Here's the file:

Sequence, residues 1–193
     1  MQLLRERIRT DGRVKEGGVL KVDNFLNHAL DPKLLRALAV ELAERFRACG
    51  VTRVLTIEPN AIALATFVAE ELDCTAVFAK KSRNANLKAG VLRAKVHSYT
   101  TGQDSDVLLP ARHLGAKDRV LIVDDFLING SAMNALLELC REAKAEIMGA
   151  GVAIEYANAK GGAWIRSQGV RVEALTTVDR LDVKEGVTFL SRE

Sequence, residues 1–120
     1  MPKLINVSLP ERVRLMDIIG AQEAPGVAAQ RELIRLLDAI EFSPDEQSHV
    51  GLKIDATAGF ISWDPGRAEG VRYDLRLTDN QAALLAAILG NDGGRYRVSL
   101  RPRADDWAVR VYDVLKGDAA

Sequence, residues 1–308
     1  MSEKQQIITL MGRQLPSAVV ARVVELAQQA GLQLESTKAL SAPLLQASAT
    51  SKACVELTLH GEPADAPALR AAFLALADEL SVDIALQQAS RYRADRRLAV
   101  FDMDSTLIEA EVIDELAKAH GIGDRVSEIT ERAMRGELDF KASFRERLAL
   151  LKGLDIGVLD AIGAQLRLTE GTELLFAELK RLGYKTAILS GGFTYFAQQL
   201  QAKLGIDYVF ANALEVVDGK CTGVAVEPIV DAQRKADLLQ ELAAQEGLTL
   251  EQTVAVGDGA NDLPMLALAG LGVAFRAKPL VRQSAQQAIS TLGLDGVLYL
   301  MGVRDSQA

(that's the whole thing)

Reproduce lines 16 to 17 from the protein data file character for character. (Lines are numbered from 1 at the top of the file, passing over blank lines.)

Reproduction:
   251  EQTVAVGDGA NDLPMLALAG LGVAFRAKPL VRQSAQQAIS TLGLDGVLYL
   301  MGVRDSQA